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Questions to Ask When Hiring a Criminal Defense Attorney



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By : Chris Robertson    99 or more times read
Submitted 0000-00-00 00:00:00
It's safe to say that most people don't have the name and number of a criminal defense attorney close at hand. After all, few people expect to face criminal charges. If that unfortunate time arises for you or a loved one, chances are good that the stress and urgency of the situation is such that you're not in a frame of mind to give careful thought to the selection of an attorney.

Although attorneys' educational and licensing requirements differ from state to state, the criteria you should use when choosing a law firm is the same whether you live in Bothell, Washington or Ames, Iowa. Here are questions you should ask to help you find the lawyer who will best assist you in your legal defense.

1. What is Your Specialty?

Just as you wouldn't consult a foot doctor if you needed brain surgery, you shouldn't hire attornies specializing in class action suits when you need lawyers who will mount your criminal defense. Interview law firms and find one who concentrates on just a few types of legal matters, including criminal defense. For example, the attorneys might handle DUI, traffic ticket defense, probation violation hearings, and general criminal defense.

2. Do You Work as a Team?

Many lawyers employ a business strategy that calls for assigning a single lawyer to each case. This approach is problematic for a number of reasons. First, when the attorney is working on another case, out of the office, or on vacation, you'll be out of luck. Second, since even an attorney with considerable experience isn't well versed in every situation, your case may suffer. Third, those who are prosecuting your case have a whole team of experts at their disposal; shouldn't you have a team on your side?

Ideally, you should select a law firm that works as a team. Not only should the law firm have at least three lawyers who will work on your case (including a former prosecutor and a former public defender), but the attorneys should also have access to investigators and experts who will work on your behalf.

3. What are Your Fees?

Legal fees can be a slippery slope. If you have an attorney who charges by the hour and gives you no estimate of the number of hours your case will take, you can find yourself in financial ruin. On the other hand, the adage, "You get what you pay for," definitely applies to criminal defense matters. You need to find the balance between the quality of your lawyers and the fees they charge. The best way to do this is to find a law firm that operates on a fixed price (including a trial), and that openly provides their fee structure. Ideally, they should offer a free consultation, at which time they will fully disclose - in writing - all possible costs and fees associated with your case.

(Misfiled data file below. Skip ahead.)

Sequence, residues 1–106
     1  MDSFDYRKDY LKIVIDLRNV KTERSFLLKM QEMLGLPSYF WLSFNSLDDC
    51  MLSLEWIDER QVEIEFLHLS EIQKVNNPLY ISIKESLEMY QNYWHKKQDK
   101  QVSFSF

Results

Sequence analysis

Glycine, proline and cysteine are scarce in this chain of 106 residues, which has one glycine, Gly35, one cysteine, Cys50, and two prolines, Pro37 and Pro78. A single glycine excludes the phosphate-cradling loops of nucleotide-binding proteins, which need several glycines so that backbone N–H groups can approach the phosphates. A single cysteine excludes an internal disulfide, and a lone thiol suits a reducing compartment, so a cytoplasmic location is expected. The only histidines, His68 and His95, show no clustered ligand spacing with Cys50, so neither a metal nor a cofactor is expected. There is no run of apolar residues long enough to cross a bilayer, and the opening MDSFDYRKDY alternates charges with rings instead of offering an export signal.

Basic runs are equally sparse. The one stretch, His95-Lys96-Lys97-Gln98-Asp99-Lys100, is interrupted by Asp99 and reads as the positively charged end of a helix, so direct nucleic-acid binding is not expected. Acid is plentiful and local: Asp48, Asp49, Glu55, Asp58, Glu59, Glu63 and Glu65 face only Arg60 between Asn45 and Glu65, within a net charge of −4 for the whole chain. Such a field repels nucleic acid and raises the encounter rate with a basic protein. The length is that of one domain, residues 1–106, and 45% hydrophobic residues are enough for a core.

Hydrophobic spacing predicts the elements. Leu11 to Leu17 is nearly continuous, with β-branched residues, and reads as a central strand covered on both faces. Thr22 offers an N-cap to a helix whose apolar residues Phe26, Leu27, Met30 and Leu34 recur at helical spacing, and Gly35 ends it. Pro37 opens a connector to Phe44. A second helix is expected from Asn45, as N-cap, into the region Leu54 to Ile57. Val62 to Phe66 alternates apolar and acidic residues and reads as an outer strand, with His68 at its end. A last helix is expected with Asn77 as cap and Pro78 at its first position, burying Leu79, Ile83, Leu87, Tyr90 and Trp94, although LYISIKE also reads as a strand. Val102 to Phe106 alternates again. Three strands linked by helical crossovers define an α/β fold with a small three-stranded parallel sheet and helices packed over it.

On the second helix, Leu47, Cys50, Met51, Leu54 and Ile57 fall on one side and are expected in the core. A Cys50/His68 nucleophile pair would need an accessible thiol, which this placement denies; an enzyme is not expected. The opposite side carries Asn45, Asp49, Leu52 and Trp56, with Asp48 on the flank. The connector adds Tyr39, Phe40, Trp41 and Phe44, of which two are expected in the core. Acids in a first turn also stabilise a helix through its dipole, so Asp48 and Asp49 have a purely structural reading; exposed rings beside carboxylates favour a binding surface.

4. Will You Prepare for a Trial?

Many law firms agree to represent you with the thought that your case will be plea bargained or settled and never go to trial. The result may be a cost savings to you, but such a move may cost you more in the long run. A law firm that does the legwork and preparation necessary to go to trial is in a much better bargaining position than one that doesn't. When prosecutors know that your attorney is fully prepared to go to trial, you'll be more likely to get a favorable plea deal or to have your charges dismissed entirely.

Author Resource:-

Chris Robertson is a published author of
Majon International. Majon International is one of the worlds MOST popular internet marketing and internet advertising companies on the web. Visit their main business resource web site at: http://www.majon.com

To learn more about subjects like attorney please visit the web site at:
http://lawofficesofheidihunt.com


For more information and informative related articles and links about this subject matter and content, please visit Majon's Law and Politics directory: http://www.majon.com/directory/Law_and_Politics


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